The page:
We completed the Energy Mix Pod activity. We chose this activity
because it fitted well with our plans for the term. We had already
committed to take part in Switch-Off Fortnight, and it was a good
way to involve the whole school in the debate. It also was a new
and exciting-sounding Pod activity. Our main aim was to raise
awareness of energy sources and the importance of energy
Firstly, we downloaded the excellent Energy Mix resource pack
from the Pod website. This provided lots of ideas to help us run
the project, including lesson plans and details of the different
energy sources the pupils would be learning about.
The Pod's plans were then woven into our own half-termly class
cross-curricular planning, which includes as many areas of the
curriculum as possible, ensuring the activity was broad and
interesting. Next we undertook a survey to ascertain what the class
thought our UK energy mix should be. At this stage, the pupils had
only a limited knowledge of energy sources. We discussed how we
would have a debate involving the whole school at the end of the
After this, we filled in the initial audit from the Pod website
and began to research energy sources such as coal, oil, gas,
nuclear, solar, water and wind. Curriculum areas including
literacy, history, geography, citizenship and science were covered
in the activity. For instance, pupils were very interested to learn
how Victorian children, much younger than themselves, had to work
long, hard hours in the coal mines.
The pupils grew very familiar with the terms 'renewable and
non-renewable' energies during the course of the project. They were
able to identify fossil fuels and knew how they were formed. They
soon began to have opinions about the good and bad aspects of all
the energy sources we studied.
The main challenge was to ensure that pupils researched the
topic sufficiently before going ahead with the debate. Also, the
interest generated by the activity meant that we were in danger of
over-running the allocated time scheduled to complete the
Pupils were all allowed to write at least one post each for our
activity blog. This created a great deal of interest and
They discussed the Energy Mix activity with parents, who also
became interested, sending pictures and information from home. One
boy made an amazing windmill with his dad to illustrate to the
audience during the debate how wind power worked.
The children were given freedom as far as the research went, and
were encouraged to complete their studies at home with their
families if they had a particular interest in any of the sources of
We also allocated more formal lessons - for instance, learning
about the sun for solar energy, electricity in science and studying
regions in the world where coal and other fossil fuels are
Throughout, children were encouraged to discuss their findings
with the rest of the class and were able to give their opinions on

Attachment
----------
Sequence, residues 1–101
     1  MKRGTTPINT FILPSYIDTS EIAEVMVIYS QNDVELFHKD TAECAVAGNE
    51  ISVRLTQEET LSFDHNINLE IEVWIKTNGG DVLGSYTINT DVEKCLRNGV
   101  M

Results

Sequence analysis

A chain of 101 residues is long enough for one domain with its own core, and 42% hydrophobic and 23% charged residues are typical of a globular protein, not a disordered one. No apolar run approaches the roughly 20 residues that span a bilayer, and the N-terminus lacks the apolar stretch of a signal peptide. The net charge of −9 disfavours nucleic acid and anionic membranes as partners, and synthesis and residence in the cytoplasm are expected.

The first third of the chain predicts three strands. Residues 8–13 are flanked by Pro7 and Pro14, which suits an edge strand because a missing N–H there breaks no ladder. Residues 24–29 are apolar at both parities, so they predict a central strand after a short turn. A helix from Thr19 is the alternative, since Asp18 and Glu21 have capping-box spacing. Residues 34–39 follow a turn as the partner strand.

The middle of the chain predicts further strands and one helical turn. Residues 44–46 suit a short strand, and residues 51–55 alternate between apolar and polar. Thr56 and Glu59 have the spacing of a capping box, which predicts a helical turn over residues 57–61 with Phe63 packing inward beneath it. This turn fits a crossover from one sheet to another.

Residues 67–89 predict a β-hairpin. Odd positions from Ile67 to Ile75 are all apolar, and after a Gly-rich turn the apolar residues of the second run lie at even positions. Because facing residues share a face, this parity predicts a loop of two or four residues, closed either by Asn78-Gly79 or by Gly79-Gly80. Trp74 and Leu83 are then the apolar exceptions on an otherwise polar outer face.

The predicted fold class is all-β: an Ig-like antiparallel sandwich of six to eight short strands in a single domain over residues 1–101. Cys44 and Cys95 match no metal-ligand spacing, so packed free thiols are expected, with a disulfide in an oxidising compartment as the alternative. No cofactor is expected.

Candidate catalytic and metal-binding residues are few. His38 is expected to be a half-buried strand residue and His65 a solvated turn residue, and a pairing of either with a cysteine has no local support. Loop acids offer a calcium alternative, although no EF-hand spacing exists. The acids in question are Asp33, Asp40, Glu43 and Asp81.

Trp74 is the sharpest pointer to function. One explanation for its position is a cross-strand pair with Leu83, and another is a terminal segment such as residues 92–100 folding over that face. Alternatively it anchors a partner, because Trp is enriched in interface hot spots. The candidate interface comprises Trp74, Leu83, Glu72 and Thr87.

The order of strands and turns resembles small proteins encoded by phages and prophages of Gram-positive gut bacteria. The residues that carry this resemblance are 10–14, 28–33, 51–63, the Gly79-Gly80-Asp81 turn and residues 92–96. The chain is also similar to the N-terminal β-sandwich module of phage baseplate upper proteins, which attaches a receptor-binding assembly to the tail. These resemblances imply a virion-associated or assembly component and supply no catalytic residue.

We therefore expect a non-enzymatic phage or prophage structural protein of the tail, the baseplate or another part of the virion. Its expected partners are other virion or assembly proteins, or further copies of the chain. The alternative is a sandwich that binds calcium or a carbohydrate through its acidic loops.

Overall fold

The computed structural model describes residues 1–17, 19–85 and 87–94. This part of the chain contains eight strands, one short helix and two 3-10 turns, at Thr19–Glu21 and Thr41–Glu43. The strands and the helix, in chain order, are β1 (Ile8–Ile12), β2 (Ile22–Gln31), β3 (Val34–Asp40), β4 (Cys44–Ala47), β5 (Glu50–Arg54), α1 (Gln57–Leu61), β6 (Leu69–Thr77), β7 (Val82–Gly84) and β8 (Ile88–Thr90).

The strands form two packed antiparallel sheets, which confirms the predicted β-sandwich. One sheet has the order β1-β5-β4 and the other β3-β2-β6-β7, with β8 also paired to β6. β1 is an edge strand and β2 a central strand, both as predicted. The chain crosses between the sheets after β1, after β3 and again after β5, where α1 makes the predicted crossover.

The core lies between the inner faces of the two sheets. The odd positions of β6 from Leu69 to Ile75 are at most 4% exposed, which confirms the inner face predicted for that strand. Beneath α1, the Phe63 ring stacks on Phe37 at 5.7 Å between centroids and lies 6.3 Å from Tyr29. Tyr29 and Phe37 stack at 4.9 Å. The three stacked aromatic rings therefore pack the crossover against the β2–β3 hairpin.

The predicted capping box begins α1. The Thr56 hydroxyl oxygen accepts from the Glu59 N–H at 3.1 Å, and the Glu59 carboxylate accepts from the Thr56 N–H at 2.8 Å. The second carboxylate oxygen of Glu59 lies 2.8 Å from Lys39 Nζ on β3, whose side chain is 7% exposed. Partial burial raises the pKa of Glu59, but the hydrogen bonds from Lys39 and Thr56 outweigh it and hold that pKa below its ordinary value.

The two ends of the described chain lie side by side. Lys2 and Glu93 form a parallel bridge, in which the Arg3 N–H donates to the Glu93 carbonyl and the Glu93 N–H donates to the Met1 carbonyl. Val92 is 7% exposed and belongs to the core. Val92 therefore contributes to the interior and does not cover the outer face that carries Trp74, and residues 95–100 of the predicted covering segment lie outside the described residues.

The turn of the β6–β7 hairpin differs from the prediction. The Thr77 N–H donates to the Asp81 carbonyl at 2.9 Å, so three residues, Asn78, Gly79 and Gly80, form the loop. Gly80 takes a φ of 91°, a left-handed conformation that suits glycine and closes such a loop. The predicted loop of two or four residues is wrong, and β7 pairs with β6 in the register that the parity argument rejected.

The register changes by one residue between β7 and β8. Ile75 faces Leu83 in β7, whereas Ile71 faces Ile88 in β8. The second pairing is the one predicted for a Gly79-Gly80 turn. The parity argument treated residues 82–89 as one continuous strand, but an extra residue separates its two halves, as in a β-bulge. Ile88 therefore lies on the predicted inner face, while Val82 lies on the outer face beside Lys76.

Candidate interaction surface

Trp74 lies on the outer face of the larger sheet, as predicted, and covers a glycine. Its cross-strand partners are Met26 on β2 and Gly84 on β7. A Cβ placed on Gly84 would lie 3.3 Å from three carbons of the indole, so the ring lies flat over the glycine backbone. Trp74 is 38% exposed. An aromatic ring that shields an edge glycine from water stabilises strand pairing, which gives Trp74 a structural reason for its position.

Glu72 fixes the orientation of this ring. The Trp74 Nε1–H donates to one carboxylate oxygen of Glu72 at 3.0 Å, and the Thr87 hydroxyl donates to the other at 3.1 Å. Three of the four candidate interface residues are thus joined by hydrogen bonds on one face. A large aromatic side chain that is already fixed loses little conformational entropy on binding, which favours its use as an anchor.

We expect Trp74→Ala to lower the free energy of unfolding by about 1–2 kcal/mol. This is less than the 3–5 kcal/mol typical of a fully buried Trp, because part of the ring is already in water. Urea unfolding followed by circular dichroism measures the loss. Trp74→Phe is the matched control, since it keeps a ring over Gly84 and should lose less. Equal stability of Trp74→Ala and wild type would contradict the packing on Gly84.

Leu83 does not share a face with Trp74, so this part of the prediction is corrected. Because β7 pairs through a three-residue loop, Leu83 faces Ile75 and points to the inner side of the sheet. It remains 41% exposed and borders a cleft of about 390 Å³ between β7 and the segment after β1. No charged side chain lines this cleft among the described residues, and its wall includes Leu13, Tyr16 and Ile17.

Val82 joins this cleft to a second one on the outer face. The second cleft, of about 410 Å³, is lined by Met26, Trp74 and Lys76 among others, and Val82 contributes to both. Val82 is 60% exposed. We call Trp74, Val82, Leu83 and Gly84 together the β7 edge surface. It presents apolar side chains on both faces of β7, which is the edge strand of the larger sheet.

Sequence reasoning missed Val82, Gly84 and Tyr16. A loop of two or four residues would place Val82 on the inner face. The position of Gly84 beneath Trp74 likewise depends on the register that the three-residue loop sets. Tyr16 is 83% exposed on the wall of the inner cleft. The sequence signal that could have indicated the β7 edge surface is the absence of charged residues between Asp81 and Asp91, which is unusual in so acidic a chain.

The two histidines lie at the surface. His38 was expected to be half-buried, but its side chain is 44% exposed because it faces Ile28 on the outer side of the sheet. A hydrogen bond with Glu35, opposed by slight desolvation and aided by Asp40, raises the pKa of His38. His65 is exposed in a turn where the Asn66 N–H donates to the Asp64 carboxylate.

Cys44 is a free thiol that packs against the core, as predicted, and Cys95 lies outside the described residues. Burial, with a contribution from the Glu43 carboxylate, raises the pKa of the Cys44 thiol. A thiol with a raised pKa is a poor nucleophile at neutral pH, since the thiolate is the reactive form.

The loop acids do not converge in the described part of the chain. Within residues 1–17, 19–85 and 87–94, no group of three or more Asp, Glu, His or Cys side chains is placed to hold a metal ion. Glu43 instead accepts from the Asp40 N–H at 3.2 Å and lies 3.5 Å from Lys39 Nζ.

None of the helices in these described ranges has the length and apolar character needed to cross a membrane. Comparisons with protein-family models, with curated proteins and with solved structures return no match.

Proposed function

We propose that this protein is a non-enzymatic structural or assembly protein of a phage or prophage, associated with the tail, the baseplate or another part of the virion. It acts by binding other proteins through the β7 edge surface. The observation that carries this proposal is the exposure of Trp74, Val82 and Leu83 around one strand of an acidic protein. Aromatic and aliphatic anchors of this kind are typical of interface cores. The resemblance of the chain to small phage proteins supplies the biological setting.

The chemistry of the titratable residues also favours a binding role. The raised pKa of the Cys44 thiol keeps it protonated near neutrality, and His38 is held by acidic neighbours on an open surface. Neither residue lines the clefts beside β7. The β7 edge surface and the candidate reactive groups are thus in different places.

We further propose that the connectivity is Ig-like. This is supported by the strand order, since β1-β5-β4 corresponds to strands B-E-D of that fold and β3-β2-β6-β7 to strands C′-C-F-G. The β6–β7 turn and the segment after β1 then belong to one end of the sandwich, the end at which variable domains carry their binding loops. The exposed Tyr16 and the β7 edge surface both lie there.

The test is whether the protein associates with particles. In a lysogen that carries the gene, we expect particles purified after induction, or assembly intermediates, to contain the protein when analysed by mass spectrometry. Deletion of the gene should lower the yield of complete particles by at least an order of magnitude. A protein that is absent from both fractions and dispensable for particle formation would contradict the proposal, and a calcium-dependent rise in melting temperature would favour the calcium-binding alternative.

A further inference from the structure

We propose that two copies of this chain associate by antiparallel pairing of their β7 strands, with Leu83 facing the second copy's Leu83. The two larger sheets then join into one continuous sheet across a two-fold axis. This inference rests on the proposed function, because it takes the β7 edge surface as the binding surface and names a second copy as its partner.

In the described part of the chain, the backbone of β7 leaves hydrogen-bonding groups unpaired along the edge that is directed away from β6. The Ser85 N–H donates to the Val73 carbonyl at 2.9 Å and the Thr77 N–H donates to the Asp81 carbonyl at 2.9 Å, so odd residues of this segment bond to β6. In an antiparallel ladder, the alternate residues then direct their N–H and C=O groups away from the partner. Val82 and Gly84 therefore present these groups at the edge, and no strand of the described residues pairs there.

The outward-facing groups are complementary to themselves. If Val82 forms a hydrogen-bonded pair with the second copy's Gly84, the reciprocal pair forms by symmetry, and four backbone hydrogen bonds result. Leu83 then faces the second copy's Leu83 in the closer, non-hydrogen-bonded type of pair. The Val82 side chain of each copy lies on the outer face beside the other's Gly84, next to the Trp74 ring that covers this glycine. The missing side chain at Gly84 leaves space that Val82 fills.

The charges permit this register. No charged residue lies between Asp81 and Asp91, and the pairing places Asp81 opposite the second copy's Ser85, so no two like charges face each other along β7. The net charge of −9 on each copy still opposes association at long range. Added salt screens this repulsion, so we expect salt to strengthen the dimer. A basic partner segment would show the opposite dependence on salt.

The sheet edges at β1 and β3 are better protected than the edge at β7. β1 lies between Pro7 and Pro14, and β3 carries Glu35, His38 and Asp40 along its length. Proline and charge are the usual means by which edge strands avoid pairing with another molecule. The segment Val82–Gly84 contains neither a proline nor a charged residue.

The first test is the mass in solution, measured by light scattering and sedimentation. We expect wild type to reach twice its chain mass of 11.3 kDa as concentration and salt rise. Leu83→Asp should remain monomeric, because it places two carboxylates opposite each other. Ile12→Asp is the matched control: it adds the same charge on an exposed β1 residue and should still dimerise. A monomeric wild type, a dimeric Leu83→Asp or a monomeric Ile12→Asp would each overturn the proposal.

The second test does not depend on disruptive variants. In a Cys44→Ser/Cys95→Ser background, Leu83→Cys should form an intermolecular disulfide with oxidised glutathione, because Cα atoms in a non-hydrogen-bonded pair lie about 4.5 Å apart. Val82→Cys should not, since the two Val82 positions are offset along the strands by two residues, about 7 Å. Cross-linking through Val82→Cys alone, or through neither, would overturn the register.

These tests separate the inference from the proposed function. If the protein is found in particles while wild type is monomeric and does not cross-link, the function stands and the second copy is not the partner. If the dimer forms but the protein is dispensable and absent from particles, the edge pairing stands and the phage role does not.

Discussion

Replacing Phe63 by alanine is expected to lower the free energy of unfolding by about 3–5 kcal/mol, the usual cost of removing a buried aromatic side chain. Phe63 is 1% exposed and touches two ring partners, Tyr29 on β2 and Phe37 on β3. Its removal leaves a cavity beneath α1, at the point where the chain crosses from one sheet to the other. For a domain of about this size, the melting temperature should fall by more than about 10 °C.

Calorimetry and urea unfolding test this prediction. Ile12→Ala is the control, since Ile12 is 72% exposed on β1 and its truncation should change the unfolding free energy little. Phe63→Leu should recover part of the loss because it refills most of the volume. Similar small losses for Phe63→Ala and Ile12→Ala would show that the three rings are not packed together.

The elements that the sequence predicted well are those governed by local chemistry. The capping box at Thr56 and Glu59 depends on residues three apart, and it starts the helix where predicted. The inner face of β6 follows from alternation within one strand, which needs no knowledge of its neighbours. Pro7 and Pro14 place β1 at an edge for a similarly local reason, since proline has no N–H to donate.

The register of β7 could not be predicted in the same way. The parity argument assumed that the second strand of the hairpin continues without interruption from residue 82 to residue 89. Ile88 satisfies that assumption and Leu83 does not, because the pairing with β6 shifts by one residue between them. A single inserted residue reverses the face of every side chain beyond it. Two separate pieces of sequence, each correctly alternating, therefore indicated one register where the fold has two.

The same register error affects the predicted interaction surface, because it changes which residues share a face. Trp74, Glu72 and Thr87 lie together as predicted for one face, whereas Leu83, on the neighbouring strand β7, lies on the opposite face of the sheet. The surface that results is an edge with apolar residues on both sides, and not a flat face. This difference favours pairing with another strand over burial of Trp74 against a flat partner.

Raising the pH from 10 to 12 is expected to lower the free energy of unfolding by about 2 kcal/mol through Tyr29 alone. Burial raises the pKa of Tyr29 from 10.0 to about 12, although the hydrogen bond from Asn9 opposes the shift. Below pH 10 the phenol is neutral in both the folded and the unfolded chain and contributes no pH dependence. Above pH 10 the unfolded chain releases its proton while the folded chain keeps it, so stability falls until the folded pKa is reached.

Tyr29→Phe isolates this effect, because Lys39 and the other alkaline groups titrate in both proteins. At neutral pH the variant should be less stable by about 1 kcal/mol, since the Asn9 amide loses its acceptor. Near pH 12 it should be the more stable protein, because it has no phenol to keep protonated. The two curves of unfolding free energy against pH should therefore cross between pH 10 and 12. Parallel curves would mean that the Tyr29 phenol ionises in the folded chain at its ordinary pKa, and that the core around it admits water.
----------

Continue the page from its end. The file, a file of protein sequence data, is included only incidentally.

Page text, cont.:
the various sources of energy being studied at any one time.
We used the Pod's 'Green Assembly' for the whole school at the
beginning of the activity, which ensured everyone knew about the
project the class was undertaking, as well as raising awareness of
climate change and the effect of global warming.
We utilised The Pod's Energy Mix resources, especially the
lesson plans, which we adapted to use with our 7-year olds. The
speaking and listening and citizenship aspects of the plans were
particularly effective. We used the internet as well as eco books
and resources we have at school to help research the topic.
We always involve our school families in our Pod activities by
letting them know what we are doing at the beginning of each
project. The Energy Mix activity, like previous ones, allowed
parents to take part and contribute to their children's learning,
giving them an insight into what their children were doing at
The Energy Mix was a very successful activity and we achieved
our aims and more. The children are now very knowledgeable about
energy sources and are able to make informed choices and decisions,
expressing their views confidently. The impact of the activity was
seen when we repeated the original survey and children then knew
that fossil fuels are not the most sustainable source of
The more cross-curricular the project, the more successful it
will be; the children will have opportunities to cover a variety of
subjects. Also, giving pupils as much ownership of the activity as
possible, as well as involving parents and grandparents, will
ensure that taking part will have a positive impact on their
learning and understanding of sustainability issues.
Our eco work is an important, on-going part of what we do as a
whole school. We are always looking for ways to raise awareness of
environmental issues for our pupils, parents and wider community.
We have several activities we undertake annually such as Fairtrade
fortnight, a 'mufti day' for Earth Hour, plus our favourite Pod
activities. We love the world we live in and want to maintain it
for the sake of future generations of children.